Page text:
Wednesday, March 3, 2010

#46 - Tilapia Curry With '05 Alsatian Muscat

Boned up on our chopstick skills last night.

Like a gaggle of monkeys humping a football, it was quite a scene with flaky tilapia.

We haven't had many Alsatians but that will be changing soon.

To be frank ("Who's Frank?"), I know absolutely nothing about wines from Alsace. I know they make pinot gris, riesling, gewürtztraminer and various other whites. I know they have more minerality, complexity and are dry-ish. I know it's cold in Alsace...

...aaaaaand that's about it.

I think I've had five total bottles.

And hey, Alsace is the only French region that puts the grape variety on the label. Easy-peasy, lemon-squeezy.

Food: Spicy tilapia curry with rice cakes and pea shoots with ponzu and pickled ginger on the side

Thin spicy curry over tilapia with Trader Joe's rice cakes (covered before here) dizzled with ponzu sauce. Pea shoots on the side, eaten last in the curry juice.

The curry tried alone had the spice sneak up on us. Pretty big kick. With the fish, it mellowed out while retaining enough heat.

Very clean meal. Very good meal. Usually, I could take or leave tilapia (having served it so much, the smell has a waiting tables nightmare feel). This was good stuff as a great vehicle for the curry paste mixed with coconut milk.

Still trying to figure out why I love pea shoots so much.

Wine: 2005 Frey-Sohler Muscat ($10 - WDC)

Severely discounted at Wine Discount Center during one of their semi-annual sales probably because it was seen as being past its prime.

Maybe it was. Haven't had it before.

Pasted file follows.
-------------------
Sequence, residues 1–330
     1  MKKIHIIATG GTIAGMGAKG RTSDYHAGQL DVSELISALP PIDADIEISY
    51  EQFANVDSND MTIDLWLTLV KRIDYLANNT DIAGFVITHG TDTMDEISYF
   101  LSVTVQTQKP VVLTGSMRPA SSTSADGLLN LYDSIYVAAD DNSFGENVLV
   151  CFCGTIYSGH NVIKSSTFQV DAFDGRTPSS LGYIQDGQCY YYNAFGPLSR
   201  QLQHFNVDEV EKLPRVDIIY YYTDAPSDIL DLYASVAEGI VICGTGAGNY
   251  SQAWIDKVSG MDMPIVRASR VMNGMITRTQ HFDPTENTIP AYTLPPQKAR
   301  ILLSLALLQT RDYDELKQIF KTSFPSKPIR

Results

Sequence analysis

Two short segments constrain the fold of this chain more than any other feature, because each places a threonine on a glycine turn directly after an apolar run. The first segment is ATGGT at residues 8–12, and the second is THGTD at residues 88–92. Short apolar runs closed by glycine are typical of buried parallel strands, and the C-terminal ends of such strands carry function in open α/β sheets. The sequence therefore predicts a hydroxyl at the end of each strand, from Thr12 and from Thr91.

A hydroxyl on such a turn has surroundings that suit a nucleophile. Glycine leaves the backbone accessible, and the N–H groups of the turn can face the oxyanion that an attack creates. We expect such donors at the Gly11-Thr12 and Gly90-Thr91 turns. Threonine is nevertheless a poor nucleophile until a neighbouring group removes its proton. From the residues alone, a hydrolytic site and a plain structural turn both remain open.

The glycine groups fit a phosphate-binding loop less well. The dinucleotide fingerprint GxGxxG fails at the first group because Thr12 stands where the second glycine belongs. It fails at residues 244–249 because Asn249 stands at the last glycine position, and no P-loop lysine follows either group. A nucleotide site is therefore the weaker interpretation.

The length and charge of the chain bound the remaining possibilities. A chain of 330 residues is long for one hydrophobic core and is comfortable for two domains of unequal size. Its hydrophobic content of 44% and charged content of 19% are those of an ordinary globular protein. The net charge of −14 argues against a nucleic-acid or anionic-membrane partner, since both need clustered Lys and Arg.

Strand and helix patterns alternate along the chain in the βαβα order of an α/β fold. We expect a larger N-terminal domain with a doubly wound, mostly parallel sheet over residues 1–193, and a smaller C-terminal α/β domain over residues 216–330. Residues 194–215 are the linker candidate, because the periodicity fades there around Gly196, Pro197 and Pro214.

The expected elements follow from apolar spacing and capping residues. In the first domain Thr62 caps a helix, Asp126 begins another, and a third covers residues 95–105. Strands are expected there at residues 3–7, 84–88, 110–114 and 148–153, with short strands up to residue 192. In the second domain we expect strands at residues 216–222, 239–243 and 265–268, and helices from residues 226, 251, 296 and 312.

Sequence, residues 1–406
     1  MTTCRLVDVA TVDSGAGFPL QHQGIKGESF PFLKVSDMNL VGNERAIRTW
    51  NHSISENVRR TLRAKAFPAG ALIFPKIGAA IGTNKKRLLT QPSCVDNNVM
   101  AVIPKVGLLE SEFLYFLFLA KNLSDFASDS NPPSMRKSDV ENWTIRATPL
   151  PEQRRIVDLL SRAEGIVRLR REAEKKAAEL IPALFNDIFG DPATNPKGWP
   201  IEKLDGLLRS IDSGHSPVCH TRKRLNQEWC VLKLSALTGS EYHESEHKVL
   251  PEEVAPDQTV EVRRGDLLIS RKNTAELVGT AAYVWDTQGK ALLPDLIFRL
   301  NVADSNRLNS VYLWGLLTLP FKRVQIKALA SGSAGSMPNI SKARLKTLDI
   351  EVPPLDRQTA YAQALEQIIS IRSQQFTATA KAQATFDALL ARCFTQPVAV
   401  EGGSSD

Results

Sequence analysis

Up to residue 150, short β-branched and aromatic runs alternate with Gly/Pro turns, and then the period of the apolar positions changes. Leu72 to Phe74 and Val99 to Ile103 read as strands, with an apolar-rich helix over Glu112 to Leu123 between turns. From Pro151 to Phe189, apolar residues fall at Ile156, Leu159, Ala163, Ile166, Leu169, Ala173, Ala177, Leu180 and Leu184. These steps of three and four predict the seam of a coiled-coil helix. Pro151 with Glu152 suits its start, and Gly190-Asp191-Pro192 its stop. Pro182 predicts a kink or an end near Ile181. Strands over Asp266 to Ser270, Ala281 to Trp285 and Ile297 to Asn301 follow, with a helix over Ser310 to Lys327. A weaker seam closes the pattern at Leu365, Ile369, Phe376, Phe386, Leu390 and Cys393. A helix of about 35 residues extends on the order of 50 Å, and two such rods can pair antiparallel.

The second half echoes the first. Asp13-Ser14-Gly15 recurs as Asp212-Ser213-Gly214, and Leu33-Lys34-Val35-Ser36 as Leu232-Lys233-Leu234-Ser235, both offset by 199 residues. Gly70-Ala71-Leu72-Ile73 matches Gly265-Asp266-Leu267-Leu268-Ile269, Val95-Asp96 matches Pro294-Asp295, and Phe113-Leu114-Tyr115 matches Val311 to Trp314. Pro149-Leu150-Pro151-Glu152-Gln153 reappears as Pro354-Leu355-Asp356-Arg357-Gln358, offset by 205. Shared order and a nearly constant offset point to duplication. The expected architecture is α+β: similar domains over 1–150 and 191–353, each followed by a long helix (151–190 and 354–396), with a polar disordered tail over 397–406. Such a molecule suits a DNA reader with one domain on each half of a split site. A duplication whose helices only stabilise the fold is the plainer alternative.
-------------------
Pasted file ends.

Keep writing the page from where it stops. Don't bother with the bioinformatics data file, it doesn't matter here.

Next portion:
Alone, very soapy, perfumed and floral. Dry. Fruit only far in the background which might be why it was perceived as being done.

With the food, it took off. Fruit came to the fore with grapefruit and apricot and a slight and very pleasant oil note on the palate. The floral notes were still aggressive but lessened to a point where everything really came into balance. Muscats usually tend toward sweet. No sweetness on this one at all. Very nice dryness.

Finish was a wee bit short but that didn't detract in the least.

It's one of those wines that proves perusing the discount rack is worth the time. Might have slipped through the cracks when someone tasted it without food and thought it was all soap after four years. Usually priced in the low $20 range, we got it for $10.

Pairing: Yep, just fine

The spice opened this one up!

Great balance that worked nicely with everything, even with the ponzu which tends to become somewhat difficult with wine at times. A bit of fruit, a bit of flowers, a bit of oil and not too much of anything.

Refreshing all around.

More Alsatians will be bought tout suite (Hey, I speak French.).

Pre-dinner 375ml of NV Gaston Chiquet Brut Tradition ($26 - WDC) was surprisingly subtle and refined. Very alive, minerally, sneaky fruit and plenty of brioche notes. Fancy and elegant with a spectacular balance. Pretty Champagne and worth every dollar.

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